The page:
כה  וַיֵּשְׁבוּ, לֶאֱכָל-לֶחֶם, וַיִּשְׂאוּ עֵינֵיהֶם וַיִּרְאוּ, וְהִנֵּה אֹרְחַת יִשְׁמְעֵאלִים בָּאָה מִגִּלְעָד; וּגְמַלֵּיהֶם נֹשְׂאִים, נְכֹאת וּצְרִי וָלֹט--הוֹלְכִים, לְהוֹרִיד מִצְרָיְמָה.25 And they sat down to eat bread; and they lifted up their eyes and looked, and, behold, a caravan of Ishmaelites came from Gilead, with their camels bearing spicery and balm and ladanum, going to carry it down to Egypt.


This is all in Reuven's absence. Then, after the sale, the brothers either stay or go off on their way. Some time later, Reuven believes that enough time has passed, and to returns to the pit, just as he originally planned:
כט  וַיָּשָׁב רְאוּבֵן אֶל-הַבּוֹר, וְהִנֵּה אֵין-יוֹסֵף בַּבּוֹר; וַיִּקְרַע, אֶת-בְּגָדָיו.29 And Reuben returned unto the pit; and, behold, Joseph was not in the pit; and he rent his clothes.


He is surprised because he was not with his brothers when this happened. Because taking leave of them was a necessary part of his cunning plan. And so, shocked, he seeks out his brothers where they are and tells them about Yosef's absence.
ל  וַיָּשָׁב אֶל-אֶחָיו, וַיֹּאמַר:  הַיֶּלֶד אֵינֶנּוּ, וַאֲנִי אָנָה אֲנִי-בָא.30 And he returned unto his brethren, and said: 'The child is not; and as for me, whither shall I go?'


At this point, they presumably would tell Reuven what they have done. But regardless, Reuven is acquitted of this evil. (Even though from Yehuda's perspective, it was not so evil.)

So, to answer Hillel, a commenter on the previous post:
We're told he 'returned' to the pit, rends his garments on seeing Yosef wasn't there, then 'returned' to the brothers and freaks out. Returned from where? Why is he surprised Yosef is not in the pit? While this works perfectly if the brothers were back in Dotan and merely planning to sell Yosef, there is no p'shat way of dealing with this if the brothers actually sold him. One needs to turn to medrashim about Reuven repenting for ma'aseh Bilha or returning to tend to Yaakov to explain the text.
One does not need to turn to midrashim. Midrashim pick up on teshuva bit, and perhaps are troubled by his leaving. But we can say, on a peshat level, that he left them to tend to his flocks and so as to be able to return, secretly, to the pit, as was his plan; and that he returns to his brothers, some distance from the pit, because he was not there during Yehuda's suggestion.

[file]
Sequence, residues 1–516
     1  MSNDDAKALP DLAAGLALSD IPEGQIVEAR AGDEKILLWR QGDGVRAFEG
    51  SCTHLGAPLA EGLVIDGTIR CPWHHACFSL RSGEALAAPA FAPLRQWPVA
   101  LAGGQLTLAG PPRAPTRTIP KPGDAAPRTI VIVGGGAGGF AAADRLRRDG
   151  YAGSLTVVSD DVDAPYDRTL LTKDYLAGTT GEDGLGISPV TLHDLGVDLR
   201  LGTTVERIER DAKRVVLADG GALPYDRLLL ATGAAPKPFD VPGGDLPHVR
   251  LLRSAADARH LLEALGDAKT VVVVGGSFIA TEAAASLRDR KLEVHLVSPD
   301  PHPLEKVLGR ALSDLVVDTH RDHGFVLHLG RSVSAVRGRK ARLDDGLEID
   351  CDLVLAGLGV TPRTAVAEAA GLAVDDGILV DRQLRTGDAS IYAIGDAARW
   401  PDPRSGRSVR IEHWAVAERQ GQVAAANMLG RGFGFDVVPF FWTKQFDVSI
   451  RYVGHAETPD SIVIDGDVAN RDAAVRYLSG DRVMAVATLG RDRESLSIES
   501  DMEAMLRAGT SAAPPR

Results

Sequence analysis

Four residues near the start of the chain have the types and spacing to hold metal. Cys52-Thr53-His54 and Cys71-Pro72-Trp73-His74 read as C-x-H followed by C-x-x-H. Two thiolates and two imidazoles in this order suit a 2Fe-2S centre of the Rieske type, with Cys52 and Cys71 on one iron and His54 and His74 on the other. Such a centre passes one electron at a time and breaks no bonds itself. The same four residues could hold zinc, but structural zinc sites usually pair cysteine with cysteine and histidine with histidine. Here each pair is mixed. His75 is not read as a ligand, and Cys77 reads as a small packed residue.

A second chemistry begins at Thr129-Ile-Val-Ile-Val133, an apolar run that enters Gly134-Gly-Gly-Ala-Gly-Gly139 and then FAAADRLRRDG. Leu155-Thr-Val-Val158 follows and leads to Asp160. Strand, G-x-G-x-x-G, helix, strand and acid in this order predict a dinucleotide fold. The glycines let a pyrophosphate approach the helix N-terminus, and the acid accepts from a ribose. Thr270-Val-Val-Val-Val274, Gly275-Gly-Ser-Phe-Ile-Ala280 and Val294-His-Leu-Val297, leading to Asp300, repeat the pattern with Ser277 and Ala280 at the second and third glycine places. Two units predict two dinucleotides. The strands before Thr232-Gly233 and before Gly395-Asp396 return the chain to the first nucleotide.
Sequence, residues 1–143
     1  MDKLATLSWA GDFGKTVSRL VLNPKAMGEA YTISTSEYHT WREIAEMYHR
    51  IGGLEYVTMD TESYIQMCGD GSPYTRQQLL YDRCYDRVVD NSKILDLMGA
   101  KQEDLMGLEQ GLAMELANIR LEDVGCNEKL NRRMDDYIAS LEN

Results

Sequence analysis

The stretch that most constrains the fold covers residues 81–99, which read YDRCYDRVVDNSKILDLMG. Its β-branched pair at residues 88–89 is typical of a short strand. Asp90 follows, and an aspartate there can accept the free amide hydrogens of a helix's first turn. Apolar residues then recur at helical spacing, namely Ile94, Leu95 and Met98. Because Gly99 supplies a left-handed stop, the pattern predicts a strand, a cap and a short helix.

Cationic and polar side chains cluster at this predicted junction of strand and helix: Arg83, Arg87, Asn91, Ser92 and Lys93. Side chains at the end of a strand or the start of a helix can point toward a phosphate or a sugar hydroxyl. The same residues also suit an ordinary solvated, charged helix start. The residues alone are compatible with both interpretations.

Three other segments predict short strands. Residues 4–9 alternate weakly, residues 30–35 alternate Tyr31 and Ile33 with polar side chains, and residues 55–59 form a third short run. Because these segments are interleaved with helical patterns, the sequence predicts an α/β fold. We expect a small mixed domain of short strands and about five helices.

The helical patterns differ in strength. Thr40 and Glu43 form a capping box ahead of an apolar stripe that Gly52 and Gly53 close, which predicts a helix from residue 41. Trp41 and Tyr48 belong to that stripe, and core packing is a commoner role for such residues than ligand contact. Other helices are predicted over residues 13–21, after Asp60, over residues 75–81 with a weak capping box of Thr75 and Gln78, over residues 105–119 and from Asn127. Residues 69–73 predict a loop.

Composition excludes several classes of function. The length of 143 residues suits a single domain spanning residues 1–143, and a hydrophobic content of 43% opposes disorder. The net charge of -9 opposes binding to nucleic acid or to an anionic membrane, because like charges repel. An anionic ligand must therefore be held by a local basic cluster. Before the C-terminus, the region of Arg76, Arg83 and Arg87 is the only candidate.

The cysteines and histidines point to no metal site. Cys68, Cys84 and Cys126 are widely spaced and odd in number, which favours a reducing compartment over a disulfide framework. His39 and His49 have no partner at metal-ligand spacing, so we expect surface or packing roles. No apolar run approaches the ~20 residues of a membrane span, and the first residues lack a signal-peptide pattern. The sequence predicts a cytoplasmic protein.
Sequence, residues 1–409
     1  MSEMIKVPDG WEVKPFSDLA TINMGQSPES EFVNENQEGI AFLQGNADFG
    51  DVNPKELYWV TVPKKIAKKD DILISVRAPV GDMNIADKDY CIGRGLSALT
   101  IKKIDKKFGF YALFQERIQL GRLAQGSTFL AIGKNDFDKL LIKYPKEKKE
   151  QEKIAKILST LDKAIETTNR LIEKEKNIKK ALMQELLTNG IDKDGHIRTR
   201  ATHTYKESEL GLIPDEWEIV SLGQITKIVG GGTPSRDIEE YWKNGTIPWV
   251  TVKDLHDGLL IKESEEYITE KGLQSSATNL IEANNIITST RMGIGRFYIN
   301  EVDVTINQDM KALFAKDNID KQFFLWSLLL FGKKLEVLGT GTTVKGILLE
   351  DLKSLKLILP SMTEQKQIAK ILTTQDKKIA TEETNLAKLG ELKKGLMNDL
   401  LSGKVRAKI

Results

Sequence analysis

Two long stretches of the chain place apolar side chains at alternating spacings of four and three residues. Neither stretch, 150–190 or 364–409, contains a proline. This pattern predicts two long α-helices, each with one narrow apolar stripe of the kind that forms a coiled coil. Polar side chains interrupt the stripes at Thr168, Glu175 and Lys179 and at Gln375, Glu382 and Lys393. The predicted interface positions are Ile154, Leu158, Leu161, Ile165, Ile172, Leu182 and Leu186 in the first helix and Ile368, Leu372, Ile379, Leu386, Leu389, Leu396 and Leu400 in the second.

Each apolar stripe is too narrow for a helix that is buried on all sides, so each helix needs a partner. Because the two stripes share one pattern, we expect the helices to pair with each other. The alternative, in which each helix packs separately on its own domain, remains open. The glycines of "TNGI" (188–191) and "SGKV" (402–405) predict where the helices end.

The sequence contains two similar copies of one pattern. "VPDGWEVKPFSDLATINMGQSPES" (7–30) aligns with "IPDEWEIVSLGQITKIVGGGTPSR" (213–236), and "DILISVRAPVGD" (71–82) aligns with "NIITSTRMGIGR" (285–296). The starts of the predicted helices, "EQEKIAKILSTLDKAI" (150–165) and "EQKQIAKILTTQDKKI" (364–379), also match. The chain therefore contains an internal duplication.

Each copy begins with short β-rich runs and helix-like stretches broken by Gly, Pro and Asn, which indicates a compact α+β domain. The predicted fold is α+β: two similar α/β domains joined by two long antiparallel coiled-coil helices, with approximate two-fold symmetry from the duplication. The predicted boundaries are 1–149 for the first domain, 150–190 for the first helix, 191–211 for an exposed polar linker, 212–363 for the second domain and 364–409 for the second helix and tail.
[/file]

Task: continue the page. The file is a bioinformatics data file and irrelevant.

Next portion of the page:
One orthogonal topic down. What is next?
Additionally, it's fairly charitable to call 37:28 an 'ambiguity.' If I was writing about the Yankees, then wrote "the Mets came to town, they played the Reds, and they won 3-1", technically, "they" COULD mean the Yankees, but that's not an ambiguity, that's a tortured reading. The most 'straightforward' meaning of 37:28 is that it's talking about the Midianites the entire time. Theoretically, you could put a period in front of the word 'socharim', and make the first four words an independent clause, but that's a more difficult readong, and, FWIW, it's not borne out by the trop.
I agree. I was being charitable in calling 37:28, an ambiguity. It clearly means that the brothers pulled Yosef from the pit, and suggesting that the Midianites . The pesukim again, from Bereishis 37:
כה  וַיֵּשְׁבוּ, לֶאֱכָל-לֶחֶם, וַיִּשְׂאוּ עֵינֵיהֶם וַיִּרְאוּ, וְהִנֵּה אֹרְחַת יִשְׁמְעֵאלִים בָּאָה מִגִּלְעָד; וּגְמַלֵּיהֶם נֹשְׂאִים, נְכֹאת וּצְרִי וָלֹט--הוֹלְכִים, לְהוֹרִיד מִצְרָיְמָה.25 And they sat down to eat bread; and they lifted up their eyes and looked, and, behold, a caravan of Ishmaelites came from Gilead, with their camels bearing spicery and balm and ladanum, going to carry it down to Egypt.
כו  וַיֹּאמֶר יְהוּדָה, אֶל-אֶחָיו:  מַה-בֶּצַע, כִּי נַהֲרֹג אֶת-אָחִינוּ, וְכִסִּינוּ, אֶת-דָּמוֹ.26 And Judah said unto his brethren: 'What profit is it if we slay our brother and conceal his blood?
כז  לְכוּ וְנִמְכְּרֶנּוּ לַיִּשְׁמְעֵאלִים, וְיָדֵנוּ אַל-תְּהִי-בוֹ, כִּי-אָחִינוּ בְשָׂרֵנוּ, הוּא; וַיִּשְׁמְעוּ, אֶחָיו.27 Come, and let us sell him to the Ishmaelites, and let not our hand be upon him; for he is our brother, our flesh.' And his brethren hearkened unto him.